Thursday, December 17, 2009

How the Bonus Tax Can Steal Christmas

Bonus taxes on bankers are all the global rage. Soon they’ll likely be extended to corporate executives and other greedy individuals. So, why not impose them on their most vocal advocates, the disproportionately left-leaning professors, especially in the highly-paid elite universities, who routinely support higher taxes on the wealthy to finance increased government spending on their favorite programs!

In keeping with President Obama’s pledge not to raise taxes on single persons earning less than $200,00 and married couples less than $250,000 a year, I suggest a 50 percent bonus tax on all professors whose earnings exceed those levels. Moreover, because the professors are so keen on progressivity, I further propose an additional 5 percent bonus tax on each incremental $50,000, up to a maximum bonus tax of 75 percent on earnings exceeding $450,000 and $500,000 for single and married taxpayers respectively.

Moreover, to avoid any loopholes, professors should also pay these bonus taxes on dividends and capital income, including hitherto tax-exempt bonds.

While we’re at it, how about applying the bonus taxes to state and local taxes!

Applying bonus taxes on academics will affirm their enthusiasm for living by their own doctrine. Or, will it? You place your bet.

Thursday, December 3, 2009

Gold and The Golden Rule

The current high price of gold makes this an opportune time to remind ourselves of "The Golden Rule," namely, "he who has the gold rules."

The U.S. government is issuing enormous amounts of public debt to fund its trillion dollar budget deficits. Outstanding privately held public debt in September 2009 amounted to $6.783 trillion. (Federal Reserve and intergovernmental holdings, chiefly the Social Security and Medicare trust funds, of $5,127 trillion are non-marketable and cannot be traded). Foreign and international holdings amounted to 51.6 percent of privately held public debt in September 2009, up from less than 15 percent in 1986, about 18 percent in 1990, and 34.8 percent in 2000.

A good way to think about the public debt is to imagine that is the equity of a company, in this case the federal government. An investor’s share of a firm’s equity determines his share of seats on the board of directors, which selects and gives guidance to management in directing the operations of the firm. Until recently, U.S. debt was held by U.S. residents and institutions. Now a majority is held by foreign and international owners. The two largest are China (23.55 percent), which has rapidly increased its share, and Japan (21.13 percent). Next in line are the United Kingdom (6.42 percent), oil exporters (5.52 percent), and Caribbean banking centers, whose beneficial owners are not specified (5.64 percent).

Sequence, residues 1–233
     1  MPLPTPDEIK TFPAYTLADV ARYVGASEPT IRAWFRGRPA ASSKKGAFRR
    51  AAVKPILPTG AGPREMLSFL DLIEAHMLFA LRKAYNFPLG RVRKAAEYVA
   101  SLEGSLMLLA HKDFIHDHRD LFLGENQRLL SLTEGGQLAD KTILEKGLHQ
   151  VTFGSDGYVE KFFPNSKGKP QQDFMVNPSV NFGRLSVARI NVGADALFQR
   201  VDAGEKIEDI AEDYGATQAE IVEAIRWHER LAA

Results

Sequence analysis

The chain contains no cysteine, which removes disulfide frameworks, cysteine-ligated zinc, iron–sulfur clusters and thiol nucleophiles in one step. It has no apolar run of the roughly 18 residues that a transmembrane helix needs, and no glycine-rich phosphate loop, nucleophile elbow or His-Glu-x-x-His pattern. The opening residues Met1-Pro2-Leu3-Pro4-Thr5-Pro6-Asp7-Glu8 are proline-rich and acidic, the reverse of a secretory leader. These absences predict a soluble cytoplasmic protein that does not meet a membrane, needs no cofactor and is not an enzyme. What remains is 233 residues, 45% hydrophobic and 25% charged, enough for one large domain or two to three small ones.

Even as foreign ownership is rapidly increasing, treasury officials and other public and private economists insist that large fiscal deficits are not a problem so long as foreigners remain willing to buy our newly-issued debt. In the above model, this amounts to transferring ever-larger ownership of the firm’s equity (U.S. government debt) to non-U.S. residents.

In times of global anxiety, investors flee to safety, precious metals and U.S. treasuries. In normal times, investors pursue more risky investments that yield higher returns. However, applauding increasing foreign ownership of U.S. public debt as a sign of international confidence in the U.S. economy overlooks the golden rule, to wit, that those who own our debt can, if they choose, rule in proportion to that ownership. As the percentage continues to rise, foreign owners, not all of whom have our best interests at heart, can play havoc with the U.S. economy by announcing or undertaking actions to sell or diversify away from U.S. securities.

Cheering one’s increasing loss of financial control seems a strange way to congratulate ourselves and position the U.S. to remain the dominant global economic power.

Wednesday, December 2, 2009

Four Questions for President George W. Bush

Why did you fail to veto a single spending bill passed by the Republican-controlled Congress during 2001-06?

Why did you keep Rumsfeld and his generals for four years in Iraq before replacing them with Gates and Petraeus?

If 15 of the 19 persons who attacked the World Trade Center and the Pentagon were Saudi nationals, and since the Saudis are the principal source of funding madrassas that teach the strict Wahabi form of Islam, why did you invade Iraq?

Finally, did any of your cabinet members, White House advisers, and other government economists warn you of the bubble that was building up in the economy that caused the financial crisis and recession?

Tuesday, December 1, 2009

Are the Swiss Becoming Hateful?

Swiss voters recently approved by a substantial margin (57 percent yes) a referendum to ban minarets on top of mosques. For this exercise of democracy the Swiss have been excoriated as racist bigots, bringing upon them the hostility of Muslims and Western proponents of diversity and tolerance. (Never mind that some Muslim countries do not reciprocate.)

The exercise of democracy has brought to power Hamas in Gaza, Hezbollah in Lebanon, Hugo Chavez in Venezuela, Evo Morales in Bolivia, Vladimir Putin in Russia (with 70 percent approval), and Alexander Lukashenko in Belarus, to name a few of the less attractive parties and regimes in the "democratic" world..

What is one to conclude? That democracy is good if supporters get the outcome they want, but bad if the process produces the "wrong" result.
Math-Challenged Sports Announcers

The definition of average is that half of the population in any group is above and half below the mean or median person in what is measured.

In the sports world, however, every athlete is either a superstar or underrated. Rarely do announcers name below-average players. No one in sports, it would seem, is below average.